The most widely known English cabinetmaker Thomas Chippendale (1718-1779) was a London cabinet-maker and furniture designer in the mid-Georgian, English Rococo, and Neoclassical styles. The Chippendale style is often described as being an anglicised type of Rococo, and Rococo is one of the styles Chippendale encompasses, along with Gothic and Chinese.
Chinese Chippendale creations often included cabinets and shelves for china, and typically features pagoda-style pediments and glazing bars arranged in a fretwork design. This fretwork was also used on the edges of tables as we see here and on the backs and legs of chairs, often coated with lacquer. The design motif comes from his interest in incorporating Chinese and other Asian designs into some of his furniture, which are now sought after antiques that are widely copied. The repetitive geometric line patterns, usually within a rectangular framework as we see here, are varied and beautiful, and complex for a cabinet-maker to execute.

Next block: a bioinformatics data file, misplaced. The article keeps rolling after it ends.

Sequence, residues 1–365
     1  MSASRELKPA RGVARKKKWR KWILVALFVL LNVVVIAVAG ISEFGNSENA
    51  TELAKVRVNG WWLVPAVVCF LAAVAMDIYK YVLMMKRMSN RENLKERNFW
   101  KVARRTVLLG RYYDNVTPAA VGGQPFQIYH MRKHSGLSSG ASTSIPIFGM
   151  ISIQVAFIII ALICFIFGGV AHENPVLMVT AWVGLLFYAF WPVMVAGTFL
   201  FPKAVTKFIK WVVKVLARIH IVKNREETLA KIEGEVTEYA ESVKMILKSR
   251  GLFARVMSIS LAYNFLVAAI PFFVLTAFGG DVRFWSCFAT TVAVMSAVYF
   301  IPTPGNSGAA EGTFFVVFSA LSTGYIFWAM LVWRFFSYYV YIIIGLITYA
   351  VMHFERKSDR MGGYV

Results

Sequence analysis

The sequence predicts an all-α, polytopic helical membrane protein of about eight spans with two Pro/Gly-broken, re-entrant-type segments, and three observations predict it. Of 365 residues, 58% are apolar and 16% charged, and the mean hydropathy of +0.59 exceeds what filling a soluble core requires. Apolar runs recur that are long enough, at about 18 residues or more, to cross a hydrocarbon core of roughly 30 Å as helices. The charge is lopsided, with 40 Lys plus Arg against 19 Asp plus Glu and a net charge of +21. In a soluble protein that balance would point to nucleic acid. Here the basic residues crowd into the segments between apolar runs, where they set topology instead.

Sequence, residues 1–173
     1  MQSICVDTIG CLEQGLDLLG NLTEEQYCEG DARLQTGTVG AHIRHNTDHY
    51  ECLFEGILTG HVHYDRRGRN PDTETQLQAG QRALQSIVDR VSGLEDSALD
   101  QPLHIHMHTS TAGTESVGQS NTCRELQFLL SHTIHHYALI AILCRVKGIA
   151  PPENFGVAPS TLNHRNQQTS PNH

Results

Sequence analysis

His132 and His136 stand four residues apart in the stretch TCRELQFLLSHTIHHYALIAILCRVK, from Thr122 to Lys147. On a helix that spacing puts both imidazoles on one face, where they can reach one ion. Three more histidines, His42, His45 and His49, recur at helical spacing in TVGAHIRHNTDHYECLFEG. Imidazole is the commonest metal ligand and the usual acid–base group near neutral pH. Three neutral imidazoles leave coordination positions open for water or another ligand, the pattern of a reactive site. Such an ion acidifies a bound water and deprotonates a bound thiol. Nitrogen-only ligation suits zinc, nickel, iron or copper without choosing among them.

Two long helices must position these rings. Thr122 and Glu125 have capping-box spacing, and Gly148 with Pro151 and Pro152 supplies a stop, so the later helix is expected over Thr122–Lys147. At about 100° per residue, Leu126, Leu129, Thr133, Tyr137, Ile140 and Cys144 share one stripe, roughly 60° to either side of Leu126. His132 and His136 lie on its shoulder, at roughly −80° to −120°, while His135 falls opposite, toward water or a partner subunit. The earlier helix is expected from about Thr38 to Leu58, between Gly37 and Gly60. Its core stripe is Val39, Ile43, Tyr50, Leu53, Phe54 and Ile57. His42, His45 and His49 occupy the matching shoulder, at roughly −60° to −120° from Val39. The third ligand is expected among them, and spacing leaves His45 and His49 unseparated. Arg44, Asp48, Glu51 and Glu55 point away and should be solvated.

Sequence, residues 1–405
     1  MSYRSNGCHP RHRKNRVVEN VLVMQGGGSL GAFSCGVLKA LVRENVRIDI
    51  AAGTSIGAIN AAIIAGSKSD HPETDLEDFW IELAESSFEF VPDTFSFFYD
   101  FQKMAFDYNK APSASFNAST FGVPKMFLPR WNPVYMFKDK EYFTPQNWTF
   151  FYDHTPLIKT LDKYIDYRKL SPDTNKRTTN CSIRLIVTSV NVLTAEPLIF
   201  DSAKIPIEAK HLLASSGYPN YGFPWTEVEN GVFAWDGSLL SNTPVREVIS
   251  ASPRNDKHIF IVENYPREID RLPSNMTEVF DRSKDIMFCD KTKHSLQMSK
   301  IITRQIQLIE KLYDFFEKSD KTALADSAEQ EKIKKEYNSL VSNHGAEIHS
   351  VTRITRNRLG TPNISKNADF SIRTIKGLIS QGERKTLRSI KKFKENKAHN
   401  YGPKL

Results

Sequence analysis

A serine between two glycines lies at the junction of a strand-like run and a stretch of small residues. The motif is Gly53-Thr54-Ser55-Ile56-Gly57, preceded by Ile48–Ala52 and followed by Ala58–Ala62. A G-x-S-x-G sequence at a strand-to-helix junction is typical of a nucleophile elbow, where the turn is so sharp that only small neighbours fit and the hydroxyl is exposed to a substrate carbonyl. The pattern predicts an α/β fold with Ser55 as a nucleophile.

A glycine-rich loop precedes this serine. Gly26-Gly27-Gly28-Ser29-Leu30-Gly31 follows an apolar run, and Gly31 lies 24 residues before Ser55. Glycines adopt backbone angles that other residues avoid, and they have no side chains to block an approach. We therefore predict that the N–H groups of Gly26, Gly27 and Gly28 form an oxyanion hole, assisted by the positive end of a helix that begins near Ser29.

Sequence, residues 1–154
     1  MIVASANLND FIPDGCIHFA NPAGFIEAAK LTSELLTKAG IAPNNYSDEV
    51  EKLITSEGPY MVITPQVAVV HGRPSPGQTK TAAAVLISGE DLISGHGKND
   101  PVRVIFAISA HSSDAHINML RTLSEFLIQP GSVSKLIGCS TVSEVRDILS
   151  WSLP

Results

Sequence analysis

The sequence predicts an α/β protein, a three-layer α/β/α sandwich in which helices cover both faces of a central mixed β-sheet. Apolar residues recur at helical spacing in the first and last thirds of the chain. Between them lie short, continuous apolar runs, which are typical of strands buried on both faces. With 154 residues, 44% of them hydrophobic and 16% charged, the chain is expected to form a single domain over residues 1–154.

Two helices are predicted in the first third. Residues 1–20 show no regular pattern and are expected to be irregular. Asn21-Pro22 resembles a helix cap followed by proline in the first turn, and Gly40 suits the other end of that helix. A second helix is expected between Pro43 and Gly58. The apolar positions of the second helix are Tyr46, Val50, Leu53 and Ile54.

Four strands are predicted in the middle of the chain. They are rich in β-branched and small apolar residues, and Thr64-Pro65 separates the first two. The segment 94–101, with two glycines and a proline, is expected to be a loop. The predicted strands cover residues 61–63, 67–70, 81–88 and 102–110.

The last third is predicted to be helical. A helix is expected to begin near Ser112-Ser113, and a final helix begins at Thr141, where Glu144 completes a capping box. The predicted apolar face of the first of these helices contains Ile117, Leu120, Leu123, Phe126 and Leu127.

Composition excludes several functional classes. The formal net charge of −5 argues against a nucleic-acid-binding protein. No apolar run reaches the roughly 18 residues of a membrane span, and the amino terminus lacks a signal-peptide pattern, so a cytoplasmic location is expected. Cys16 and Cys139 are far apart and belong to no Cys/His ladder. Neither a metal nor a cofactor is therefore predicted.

Although a marriage, this is in a hard to find size and proves a lovely looker, perfect for a hallway or reception room.